Gun proposal highlights nullification debate
Posted March 8, 2013
Raleigh, N.C. — A proposed amendment filed this week to restrict what limits can be placed on gun ownership in North Carolina is the latest shot in the growing debate over nullification of federal laws.
Rep. Larry Pittman, R-Cabarrus, filed House Bill 246, dubbed "The Gun Rights Amendment," on Wednesday.
The bill, which would allow a person with a valid concealed handgun permit to carry it pretty much anywhere in North Carolina, also includes language stating that the state "shall never engage in a general confiscation of the weapons of its citizens and shall never cooperate in the effort of any other entity to do so."
"Whether it's federal government, United Nations, whoever it might be, you have no right to take guns from law abiding citizens," Pittman said Friday. "I think this state should make clear that we won't tolerate that and won't cooperate with it."
He acknowledged that no one is trying to confiscate weapons, but he said it might be only a matter of time.
“It’s been seen in history – in other nations – that confiscation was the end goal, and some of the same control tactics were used leading up to that," he said. "We’re trying to kind of head that off before it can get that far.”
House leaders haven't yet set a date for the amendment to be heard in committee. If it's approved by lawmakers, the amendment would go before voters in 2014.
Pittman said many of his constituents believe in nullification – that a state can simply refuse to comply with federal law.
"The states created the federal government, not the other way around, and the federal government needs to learn once again to be servants of the states and not our masters," he said.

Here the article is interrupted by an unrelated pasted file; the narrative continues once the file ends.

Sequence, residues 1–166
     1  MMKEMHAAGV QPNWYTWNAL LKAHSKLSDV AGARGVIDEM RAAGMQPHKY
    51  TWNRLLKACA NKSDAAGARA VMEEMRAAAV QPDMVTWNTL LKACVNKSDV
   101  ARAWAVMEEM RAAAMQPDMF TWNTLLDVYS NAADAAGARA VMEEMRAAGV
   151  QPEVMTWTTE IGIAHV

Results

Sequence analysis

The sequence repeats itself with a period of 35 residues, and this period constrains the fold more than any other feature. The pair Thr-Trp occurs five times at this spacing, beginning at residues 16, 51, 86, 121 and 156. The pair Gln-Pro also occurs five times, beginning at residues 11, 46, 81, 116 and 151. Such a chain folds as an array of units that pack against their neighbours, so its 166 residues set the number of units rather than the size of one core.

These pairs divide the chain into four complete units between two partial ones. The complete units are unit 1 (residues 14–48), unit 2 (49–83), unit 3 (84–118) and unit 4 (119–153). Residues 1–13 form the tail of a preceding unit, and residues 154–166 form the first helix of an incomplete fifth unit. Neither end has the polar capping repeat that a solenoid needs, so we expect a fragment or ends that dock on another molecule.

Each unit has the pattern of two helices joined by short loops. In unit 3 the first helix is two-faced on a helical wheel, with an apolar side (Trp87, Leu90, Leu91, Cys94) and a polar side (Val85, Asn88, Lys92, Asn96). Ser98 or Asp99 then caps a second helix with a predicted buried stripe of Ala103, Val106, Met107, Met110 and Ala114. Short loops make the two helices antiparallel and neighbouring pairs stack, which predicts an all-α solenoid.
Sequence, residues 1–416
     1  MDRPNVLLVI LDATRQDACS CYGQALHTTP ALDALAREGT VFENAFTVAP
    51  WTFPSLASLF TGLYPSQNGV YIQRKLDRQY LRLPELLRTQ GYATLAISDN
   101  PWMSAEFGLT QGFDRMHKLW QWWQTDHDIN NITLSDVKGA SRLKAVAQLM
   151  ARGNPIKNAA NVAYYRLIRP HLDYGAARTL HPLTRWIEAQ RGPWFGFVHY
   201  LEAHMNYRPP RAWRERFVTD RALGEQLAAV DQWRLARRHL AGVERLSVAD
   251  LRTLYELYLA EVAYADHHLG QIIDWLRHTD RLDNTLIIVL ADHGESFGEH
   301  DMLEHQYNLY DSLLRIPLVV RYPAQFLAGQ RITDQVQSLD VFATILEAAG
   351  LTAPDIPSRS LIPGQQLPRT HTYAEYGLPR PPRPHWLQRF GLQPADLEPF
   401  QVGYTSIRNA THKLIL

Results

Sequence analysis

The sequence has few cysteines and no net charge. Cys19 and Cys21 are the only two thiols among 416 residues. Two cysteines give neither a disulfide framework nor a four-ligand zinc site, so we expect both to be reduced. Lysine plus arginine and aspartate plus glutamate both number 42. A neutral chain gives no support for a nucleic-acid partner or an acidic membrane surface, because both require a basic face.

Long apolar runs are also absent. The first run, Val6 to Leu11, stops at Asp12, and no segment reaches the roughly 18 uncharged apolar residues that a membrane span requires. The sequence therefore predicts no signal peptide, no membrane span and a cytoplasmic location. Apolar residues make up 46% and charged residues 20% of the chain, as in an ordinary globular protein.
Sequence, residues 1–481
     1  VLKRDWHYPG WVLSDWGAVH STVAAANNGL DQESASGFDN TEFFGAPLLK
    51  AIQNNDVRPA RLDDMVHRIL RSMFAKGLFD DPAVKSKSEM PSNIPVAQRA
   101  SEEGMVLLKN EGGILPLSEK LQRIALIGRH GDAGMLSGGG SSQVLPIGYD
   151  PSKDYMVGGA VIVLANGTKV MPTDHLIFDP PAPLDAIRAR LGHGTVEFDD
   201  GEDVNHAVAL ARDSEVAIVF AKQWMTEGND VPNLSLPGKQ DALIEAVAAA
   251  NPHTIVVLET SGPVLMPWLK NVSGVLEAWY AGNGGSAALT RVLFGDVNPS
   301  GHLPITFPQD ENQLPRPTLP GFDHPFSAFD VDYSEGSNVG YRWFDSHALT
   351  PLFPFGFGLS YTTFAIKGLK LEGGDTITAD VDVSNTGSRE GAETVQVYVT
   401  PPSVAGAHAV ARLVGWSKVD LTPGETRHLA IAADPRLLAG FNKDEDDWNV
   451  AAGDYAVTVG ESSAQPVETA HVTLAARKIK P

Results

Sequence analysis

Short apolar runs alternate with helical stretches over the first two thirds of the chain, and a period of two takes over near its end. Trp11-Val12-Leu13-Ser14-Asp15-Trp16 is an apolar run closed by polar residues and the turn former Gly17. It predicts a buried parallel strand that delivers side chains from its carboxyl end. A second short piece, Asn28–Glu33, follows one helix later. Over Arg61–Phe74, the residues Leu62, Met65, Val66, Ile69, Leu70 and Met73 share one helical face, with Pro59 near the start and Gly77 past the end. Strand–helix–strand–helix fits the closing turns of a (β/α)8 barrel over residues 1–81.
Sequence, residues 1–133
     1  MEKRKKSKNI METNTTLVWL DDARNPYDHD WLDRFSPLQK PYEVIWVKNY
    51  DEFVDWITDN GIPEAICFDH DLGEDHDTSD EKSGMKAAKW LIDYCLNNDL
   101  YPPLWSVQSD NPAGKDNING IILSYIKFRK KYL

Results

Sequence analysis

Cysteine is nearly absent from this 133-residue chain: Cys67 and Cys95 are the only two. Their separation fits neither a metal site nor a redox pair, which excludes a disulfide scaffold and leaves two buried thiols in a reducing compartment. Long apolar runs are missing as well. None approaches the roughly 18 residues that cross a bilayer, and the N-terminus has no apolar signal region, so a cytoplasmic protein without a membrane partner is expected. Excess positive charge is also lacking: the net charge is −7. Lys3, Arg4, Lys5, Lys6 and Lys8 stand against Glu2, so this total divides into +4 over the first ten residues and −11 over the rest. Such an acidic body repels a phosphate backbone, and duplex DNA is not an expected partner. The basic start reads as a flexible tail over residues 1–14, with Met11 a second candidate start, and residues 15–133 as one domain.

Over the years, however, the courts have found one big problem with nullification.
"It's patently unconstitutional," said Rep. Rick Glazier, D-Cumberland.
Glazier, a constitutional law professor, said the supremacy clause in the Constitution makes it clear states can't just refuse to follow federal laws if they don't agree with them.
"That is not a mature option given to responsible legislators. It has never been that way," he said. "They tried that in the Civil War, and we've come a long way since then."
Nullification used to be a fringe idea, but it's gotten more popular during the gun control debate. Even some North Carolina sheriffs have publicly said they will defy federal gun laws with which they disagree.
"I think this nullification view is driven by what’s happening in Washington and by the polarization between the parties, which is destroying some confidence in the ability of government to govern," Glazier said. "That’s something we need to work on."
Nullification also has come up in debates over marijuana legalization and the Affordable Care Act.
Glazier said there are better ways to deal with laws one finds disagreeable. "The answer is not nullification. It's litigation or political elections and the democratic process."